Recent changes to the ASTM F1869 standard for using calcium chloride have made the message clear: calcium chloride is not acceptable when it comes to testing moisture on all lightweight aggregate concrete (1). In spite of its history in the industry, moisture testing with calcium chloride for lightweight concrete and particularly in the application of resilient floor coverings was shown to provide inadequate results (2) and ASTM has reflected the latest research in their 2010 industry standards, leaving RH testing as the preferred method.

Calcium chloride testing was originally implemented over 50 years ago as a qualitative, rather than a quantitative, test for measuring moisture in concrete, and was used as a “go or no go” indicator of slab moisture conditions, according to Howard Kanare of CTLGroup (2). With unclear reasoning, however, it became accepted as a quantitative standard and has stayed in use since the 1940s.

The calcium chloride test also has some practical drawbacks. For example, because each test naturally “destroys” the salt mixture as it adsorbs moisture, when a new test is required, the old test kit must be discarded, and a complete new kit must be employed to obtain each additional measurement.

What then is the alternative? For the flooring industry, the combination of calcium chloride’s uncertainty and new research has created a trend towards in situ Relative Humidity (RH) testing, begun largely on the foundation of research done by Göran Hedenblad of Sweden in the 1990s (3). Cutting edge companies are now consistently moving away from calcium chloride testing and towards the more globally-accepted industry method of in situ RH testing as outlined by the ASTM F2170 standard and related standards outside the US. Not only are RH results more consistently reliable, RH testing has also been shown to be more cost efficient, user friendly and more appropriate to the resilient floor covering industry.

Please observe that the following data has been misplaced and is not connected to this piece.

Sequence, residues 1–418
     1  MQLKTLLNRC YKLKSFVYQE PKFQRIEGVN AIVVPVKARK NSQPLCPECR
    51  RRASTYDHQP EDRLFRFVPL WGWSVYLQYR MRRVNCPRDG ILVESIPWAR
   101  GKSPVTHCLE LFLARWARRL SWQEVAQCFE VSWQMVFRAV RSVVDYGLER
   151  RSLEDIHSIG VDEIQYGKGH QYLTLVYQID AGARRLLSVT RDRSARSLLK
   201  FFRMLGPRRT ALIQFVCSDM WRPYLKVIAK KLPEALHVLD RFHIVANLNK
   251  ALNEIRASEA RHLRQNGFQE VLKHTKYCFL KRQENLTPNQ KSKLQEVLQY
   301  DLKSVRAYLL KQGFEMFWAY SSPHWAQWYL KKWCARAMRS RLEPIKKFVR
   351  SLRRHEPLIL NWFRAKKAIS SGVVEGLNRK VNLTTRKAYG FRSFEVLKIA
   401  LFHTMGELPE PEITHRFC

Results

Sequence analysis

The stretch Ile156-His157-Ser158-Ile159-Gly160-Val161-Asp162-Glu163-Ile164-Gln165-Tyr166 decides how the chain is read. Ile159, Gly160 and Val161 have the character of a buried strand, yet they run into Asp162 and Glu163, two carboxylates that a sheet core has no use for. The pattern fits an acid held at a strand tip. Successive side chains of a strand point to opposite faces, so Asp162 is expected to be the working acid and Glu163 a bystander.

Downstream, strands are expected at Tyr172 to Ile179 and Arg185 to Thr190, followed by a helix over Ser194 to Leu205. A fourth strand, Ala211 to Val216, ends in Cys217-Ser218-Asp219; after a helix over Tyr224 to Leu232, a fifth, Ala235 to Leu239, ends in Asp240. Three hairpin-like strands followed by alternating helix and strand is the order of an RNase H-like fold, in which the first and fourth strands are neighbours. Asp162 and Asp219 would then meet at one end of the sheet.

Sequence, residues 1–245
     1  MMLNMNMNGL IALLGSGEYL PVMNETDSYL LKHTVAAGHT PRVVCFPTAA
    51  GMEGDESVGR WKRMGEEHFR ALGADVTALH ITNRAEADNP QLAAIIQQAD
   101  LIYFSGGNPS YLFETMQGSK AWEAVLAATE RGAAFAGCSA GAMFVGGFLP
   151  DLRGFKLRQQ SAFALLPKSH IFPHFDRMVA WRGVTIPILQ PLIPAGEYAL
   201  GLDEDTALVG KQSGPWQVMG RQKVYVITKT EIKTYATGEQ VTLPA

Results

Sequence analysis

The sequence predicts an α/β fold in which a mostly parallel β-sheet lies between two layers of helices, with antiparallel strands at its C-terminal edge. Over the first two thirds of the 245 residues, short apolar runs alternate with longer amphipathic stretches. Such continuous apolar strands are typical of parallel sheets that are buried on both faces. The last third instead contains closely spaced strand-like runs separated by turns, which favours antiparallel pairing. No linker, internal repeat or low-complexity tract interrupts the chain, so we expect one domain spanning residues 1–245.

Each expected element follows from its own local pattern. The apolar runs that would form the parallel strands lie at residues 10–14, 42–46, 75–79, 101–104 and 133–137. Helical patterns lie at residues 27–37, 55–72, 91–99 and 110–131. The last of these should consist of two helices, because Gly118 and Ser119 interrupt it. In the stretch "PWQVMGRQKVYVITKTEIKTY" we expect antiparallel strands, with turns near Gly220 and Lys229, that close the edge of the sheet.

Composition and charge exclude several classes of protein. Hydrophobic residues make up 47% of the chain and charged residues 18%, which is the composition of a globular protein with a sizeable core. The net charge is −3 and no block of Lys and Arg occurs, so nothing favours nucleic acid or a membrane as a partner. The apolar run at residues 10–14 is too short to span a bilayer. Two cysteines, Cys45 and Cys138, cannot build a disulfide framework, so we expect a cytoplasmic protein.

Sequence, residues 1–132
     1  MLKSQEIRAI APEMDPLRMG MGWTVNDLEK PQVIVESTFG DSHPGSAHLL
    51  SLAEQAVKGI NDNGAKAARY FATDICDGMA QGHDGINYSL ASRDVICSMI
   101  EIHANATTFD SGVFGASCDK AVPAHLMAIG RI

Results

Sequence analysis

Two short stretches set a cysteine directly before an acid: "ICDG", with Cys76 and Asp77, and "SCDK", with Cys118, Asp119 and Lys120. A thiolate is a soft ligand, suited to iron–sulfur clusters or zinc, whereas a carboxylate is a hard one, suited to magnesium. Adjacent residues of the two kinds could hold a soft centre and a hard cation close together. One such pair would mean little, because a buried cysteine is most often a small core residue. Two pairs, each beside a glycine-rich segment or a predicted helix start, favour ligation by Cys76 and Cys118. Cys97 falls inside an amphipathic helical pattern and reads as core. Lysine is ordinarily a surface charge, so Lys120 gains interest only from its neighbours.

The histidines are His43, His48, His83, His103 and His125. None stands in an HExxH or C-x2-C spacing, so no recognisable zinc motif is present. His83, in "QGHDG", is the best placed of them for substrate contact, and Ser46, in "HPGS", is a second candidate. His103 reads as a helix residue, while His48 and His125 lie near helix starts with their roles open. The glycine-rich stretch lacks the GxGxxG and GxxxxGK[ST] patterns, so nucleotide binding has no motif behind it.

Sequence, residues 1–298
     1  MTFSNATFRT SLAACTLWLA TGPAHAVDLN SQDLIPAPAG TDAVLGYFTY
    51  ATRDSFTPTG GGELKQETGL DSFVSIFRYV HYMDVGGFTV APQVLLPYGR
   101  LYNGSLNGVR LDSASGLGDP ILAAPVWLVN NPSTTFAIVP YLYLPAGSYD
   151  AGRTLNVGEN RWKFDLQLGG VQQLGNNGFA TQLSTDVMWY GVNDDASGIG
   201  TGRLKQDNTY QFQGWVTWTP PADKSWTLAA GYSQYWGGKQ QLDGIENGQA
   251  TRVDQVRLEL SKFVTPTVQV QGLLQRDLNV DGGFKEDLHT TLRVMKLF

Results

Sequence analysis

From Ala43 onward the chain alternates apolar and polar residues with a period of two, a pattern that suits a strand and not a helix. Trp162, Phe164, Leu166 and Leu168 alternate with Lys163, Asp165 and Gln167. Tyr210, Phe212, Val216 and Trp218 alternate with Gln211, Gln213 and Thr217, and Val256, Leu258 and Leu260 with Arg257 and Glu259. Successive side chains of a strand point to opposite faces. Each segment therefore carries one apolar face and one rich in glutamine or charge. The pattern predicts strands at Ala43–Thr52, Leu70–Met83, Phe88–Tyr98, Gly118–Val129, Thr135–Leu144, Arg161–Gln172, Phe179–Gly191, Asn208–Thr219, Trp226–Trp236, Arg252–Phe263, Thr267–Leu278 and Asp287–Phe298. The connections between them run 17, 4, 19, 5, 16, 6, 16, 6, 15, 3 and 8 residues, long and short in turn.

“The RH tests can provide us with information before, during and after the drying process, which can only help us to make a better determination if the concrete is dry and ready to receive floor covering of any type,” pointed out Claudia Lezell, past president of the Flooring Technology Institute (4).  And progress made in the technology of RH testing over the past five years has only made the process simpler and more cost effective to use.

RH testing provides an accurate method of testing moisture within a concrete slab to obtain reliable results and make properly informed decisions when applying flooring over lightweight concrete. Understanding the changes, and the science behind RH testing and ASTM F2170 will help manufacturers, installers, developers and contractors alike specify the testing method best suited to give reliable, actionable results for the resilient flooring industry.

For more information, visit www.rhspec.com.

1.     http://www.astm.org/Standards/F1869.htm

2  Howard Kanare, “Calcium Chloride Shown to Give False Readings” https://www.wagnermeters.com/relative-humidity-testing-video/calcium-chloride-false-readings/

3. Hedenblad, G., “Drying on Construction Water in Concrete,” T9:1997,

Swedish Council for Building Research, 1997. (Available from Svensk

Byggtjanst, Stockholm.)

4. Claudia Lezell, “Concrete: When Do You Know It’s Dry?”, 2007 http://www.randrmagonline.com/Articles/Feature_Article/BNP_GUID_9-5-2006_A_10000000000000155900